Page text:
> >
>

# Anyone good with Excel?!?!?!?

Foo Off-Topic chit chat with no general subject.

# Anyone good with Excel?!?!?!?

05-05-09, 06:05 PM
#1
Jynx
.....

Join Date: Aug 2006
Location: Long Island
Posts: 4,816

Bikes: 2006 Cannondale CAAD8

Mentioned: 0 Post(s)
Quoted: 3 Post(s)
Anyone good with Excel?!?!?!?

Hey guys I am looking for some help with excel. I will explain what I am doing...

I have an XY scatter plot for three different sets of data. I am adding a best fit line (trendline) for each set. Best fit is a polynomial order of 2. Everything is okay except it is giving me the equations as

y = 3E-05x^2 - 0.0004x

and

y = 3E-05x^2 - 0.0005x

I want to force out the linear part and just have it as

y = cx^2

How can I go about doing this? Thanks!
__________________
Weight Listing Index (Feel Free to add to it!)

Last edited by Jynx; 05-05-09 at 06:10 PM.

05-05-09, 08:19 PM
#2
byte_speed

Join Date: Sep 2004
Location: East Tennessee
Posts: 858

Bikes: 2002 Lightspeed Classic; 2010 Pedalforce RS

Mentioned: 0 Post(s)
Quoted: 0 Post(s)
I think you are missing something, this is an algebra problem, not Excel
(but you could use Excel to solve for x)

Since both equations = y; then:

3E-05x^2 - 0.0004x = 3E-05x^2 - 0.0005x

then subtract 3E-05x^2 from both sides to get:

- 0.0004x = - 0.0005x

The only value of x where that works is x = 0

I would need to see the original data to fit a y = cx^2 type curve,
which I would be happy to do, but it may be a day or two before I can get to it.

05-05-09, 08:29 PM
#3
valygrl
Senior Member

Join Date: Jul 2003
Location: Boulder, CO
Posts: 8,546
Mentioned: 83 Post(s)
Quoted: 163 Post(s)
Right-click on the trendline, select "Format Trendline" select Options, select a linear trendline instead of polynomial.

edit, sorry that's Type, not Options

05-06-09, 05:12 AM
#4
Jynx
.....

Join Date: Aug 2006
Location: Long Island
Posts: 4,816

Bikes: 2006 Cannondale CAAD8

Mentioned: 0 Post(s)
Quoted: 3 Post(s)
Originally Posted by byte_speed
I think you are missing something, this is an algebra problem, not Excel
(but you could use Excel to solve for x)

Since both equations = y; then:

3E-05x^2 - 0.0004x = 3E-05x^2 - 0.0005x

then subtract 3E-05x^2 from both sides to get:

- 0.0004x = - 0.0005x

The only value of x where that works is x = 0

I would need to see the original data to fit a y = cx^2 type curve,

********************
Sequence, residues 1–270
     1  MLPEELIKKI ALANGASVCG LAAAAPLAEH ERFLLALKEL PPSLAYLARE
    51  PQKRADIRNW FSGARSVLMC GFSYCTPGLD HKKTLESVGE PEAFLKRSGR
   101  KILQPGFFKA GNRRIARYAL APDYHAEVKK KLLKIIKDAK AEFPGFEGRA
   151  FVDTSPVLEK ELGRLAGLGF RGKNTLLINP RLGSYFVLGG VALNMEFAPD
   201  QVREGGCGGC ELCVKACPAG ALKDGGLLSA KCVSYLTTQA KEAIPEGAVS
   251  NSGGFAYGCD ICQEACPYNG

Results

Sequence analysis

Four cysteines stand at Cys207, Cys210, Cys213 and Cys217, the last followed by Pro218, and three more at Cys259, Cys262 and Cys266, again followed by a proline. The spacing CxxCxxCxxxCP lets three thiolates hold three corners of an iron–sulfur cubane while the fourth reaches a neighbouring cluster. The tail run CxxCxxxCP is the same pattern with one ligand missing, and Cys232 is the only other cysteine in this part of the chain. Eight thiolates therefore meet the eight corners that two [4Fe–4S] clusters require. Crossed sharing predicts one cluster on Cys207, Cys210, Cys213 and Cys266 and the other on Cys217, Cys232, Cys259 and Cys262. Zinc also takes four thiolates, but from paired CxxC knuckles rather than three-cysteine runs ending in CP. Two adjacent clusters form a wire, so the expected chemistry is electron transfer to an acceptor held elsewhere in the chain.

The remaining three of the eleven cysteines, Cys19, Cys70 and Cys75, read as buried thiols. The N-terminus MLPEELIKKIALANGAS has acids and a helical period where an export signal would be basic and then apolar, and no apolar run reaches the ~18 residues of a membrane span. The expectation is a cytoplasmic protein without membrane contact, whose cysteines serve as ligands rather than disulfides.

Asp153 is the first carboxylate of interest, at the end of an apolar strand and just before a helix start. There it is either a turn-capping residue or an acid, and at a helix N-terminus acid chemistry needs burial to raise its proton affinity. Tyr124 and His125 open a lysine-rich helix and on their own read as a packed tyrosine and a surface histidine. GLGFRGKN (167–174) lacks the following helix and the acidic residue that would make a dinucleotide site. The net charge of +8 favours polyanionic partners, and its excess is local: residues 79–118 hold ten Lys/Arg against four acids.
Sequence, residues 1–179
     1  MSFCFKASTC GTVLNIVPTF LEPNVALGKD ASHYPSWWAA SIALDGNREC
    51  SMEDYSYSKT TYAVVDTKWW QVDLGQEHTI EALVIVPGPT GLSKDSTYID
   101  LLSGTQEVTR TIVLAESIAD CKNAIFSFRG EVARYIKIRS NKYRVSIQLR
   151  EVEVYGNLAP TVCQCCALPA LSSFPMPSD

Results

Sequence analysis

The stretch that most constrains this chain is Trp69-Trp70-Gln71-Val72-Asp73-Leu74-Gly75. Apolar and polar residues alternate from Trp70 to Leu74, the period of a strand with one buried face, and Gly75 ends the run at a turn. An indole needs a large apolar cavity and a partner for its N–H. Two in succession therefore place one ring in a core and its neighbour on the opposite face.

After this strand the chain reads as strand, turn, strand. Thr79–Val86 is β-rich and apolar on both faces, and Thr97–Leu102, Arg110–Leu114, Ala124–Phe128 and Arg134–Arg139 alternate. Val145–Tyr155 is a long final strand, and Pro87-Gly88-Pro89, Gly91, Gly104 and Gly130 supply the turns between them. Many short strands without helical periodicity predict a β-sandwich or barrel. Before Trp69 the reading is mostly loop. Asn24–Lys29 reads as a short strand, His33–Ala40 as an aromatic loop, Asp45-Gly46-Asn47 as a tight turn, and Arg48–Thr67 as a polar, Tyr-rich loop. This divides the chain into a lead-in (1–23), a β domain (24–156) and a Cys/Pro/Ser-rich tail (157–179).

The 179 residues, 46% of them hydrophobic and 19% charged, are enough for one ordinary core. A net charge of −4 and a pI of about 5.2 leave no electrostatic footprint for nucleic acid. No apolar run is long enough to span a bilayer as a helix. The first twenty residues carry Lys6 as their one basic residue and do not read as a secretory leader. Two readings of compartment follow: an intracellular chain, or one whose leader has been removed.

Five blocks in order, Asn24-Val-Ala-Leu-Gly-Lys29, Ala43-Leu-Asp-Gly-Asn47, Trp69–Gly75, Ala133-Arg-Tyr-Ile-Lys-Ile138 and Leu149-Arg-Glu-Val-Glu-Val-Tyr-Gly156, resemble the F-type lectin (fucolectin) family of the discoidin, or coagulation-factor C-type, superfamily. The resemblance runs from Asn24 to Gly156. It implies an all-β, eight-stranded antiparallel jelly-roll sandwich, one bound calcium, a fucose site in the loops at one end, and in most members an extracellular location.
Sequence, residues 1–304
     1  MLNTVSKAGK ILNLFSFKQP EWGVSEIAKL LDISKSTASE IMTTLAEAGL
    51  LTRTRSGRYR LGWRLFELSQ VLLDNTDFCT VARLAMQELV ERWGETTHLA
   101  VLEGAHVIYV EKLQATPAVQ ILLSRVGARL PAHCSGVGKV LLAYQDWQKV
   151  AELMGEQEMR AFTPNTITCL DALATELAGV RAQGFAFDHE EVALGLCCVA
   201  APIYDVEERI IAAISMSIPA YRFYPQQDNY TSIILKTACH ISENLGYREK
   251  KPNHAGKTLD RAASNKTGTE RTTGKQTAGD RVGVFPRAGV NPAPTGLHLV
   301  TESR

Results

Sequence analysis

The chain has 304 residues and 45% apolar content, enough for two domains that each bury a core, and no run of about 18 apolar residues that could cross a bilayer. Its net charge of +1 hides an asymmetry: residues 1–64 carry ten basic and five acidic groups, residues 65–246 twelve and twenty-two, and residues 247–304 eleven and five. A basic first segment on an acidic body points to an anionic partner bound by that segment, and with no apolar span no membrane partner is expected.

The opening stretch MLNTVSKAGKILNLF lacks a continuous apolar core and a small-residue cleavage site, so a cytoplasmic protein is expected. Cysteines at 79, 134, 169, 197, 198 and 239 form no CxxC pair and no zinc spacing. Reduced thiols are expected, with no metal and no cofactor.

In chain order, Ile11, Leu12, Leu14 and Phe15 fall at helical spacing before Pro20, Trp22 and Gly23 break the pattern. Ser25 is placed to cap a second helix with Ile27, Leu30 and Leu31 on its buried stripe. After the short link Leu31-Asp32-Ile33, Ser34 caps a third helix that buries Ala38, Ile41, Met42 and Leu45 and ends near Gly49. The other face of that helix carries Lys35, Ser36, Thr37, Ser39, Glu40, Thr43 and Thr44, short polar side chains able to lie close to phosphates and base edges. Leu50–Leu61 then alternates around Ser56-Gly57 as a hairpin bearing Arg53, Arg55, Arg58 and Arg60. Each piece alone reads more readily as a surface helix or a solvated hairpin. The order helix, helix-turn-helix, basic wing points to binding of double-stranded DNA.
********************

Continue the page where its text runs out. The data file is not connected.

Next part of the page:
which I would be happy to do, but it may be a day or two before I can get to it.

It is in excel. The two formulas are for two different sets of data so they are not equal.

Originally Posted by valygrl
Right-click on the trendline, select "Format Trendline" select Options, select a linear trendline instead of polynomial.

edit, sorry that's Type, not Options
Unfortunately I need to do a polynomial best fit. The data I am graphing is force of drag versus wind velocity. I can not get an accurate best fit with a linear trendline.
__________________
Weight Listing Index (Feel Free to add to it!)

05-06-09, 07:12 AM
#5
valygrl
Senior Member

Join Date: Jul 2003
Location: Boulder, CO
Posts: 8,546
Mentioned: 83 Post(s)
Quoted: 163 Post(s)
Originally Posted by Jynx
It is in excel. The two formulas are for two different sets of data so they are not equal.

Unfortunately I need to do a polynomial best fit. The data I am graphing is force of drag versus wind velocity. I can not get an accurate best fit with a linear trendline.
Ok, it's been a long time and I don't remember the terminology well..

but I think a polynomial equation is
y = ax^2 + bx + c

and if you try to get rid of the "bx" + c part you're just going to have a parabola.

but if you want it to force that, you have to create a separate data range that contains data that expresseses the equation you want to graph, and graph it. - I found this by googling "graph equation in excel" http://peltiertech.com/Excel/ChartsH...tEquation.html

05-06-09, 10:14 AM
#6
Jynx
.....

Join Date: Aug 2006
Location: Long Island
Posts: 4,816

Bikes: 2006 Cannondale CAAD8

Mentioned: 0 Post(s)
Quoted: 3 Post(s)
Originally Posted by valygrl
Ok, it's been a long time and I don't remember the terminology well..

but I think a polynomial equation is
y = ax^2 + bx + c

and if you try to get rid of the "bx" + c part you're just going to have a parabola.

but if you want it to force that, you have to create a separate data range that contains data that expresseses the equation you want to graph, and graph it. - I found this by googling "graph equation in excel" http://peltiertech.com/Excel/ChartsH...tEquation.html
Thank you. I figured it out.
__________________
Weight Listing Index (Feel Free to add to it!)

Posting Rules
You may not post new threads
You may not post replies
You may not post attachments
You may not edit your posts

BB code is On
Smilies are On
[IMG] code is On
HTML code is Off